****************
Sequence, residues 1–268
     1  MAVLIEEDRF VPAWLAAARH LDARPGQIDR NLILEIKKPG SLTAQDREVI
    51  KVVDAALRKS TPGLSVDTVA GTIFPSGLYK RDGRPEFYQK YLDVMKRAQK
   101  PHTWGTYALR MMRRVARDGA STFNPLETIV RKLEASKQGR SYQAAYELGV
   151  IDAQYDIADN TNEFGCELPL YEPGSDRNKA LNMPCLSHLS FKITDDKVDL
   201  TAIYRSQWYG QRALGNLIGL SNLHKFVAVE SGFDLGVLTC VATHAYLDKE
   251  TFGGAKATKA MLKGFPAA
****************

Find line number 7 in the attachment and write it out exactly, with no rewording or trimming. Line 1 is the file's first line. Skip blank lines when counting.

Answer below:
   251  TFGGAKATKA MLKGFPAA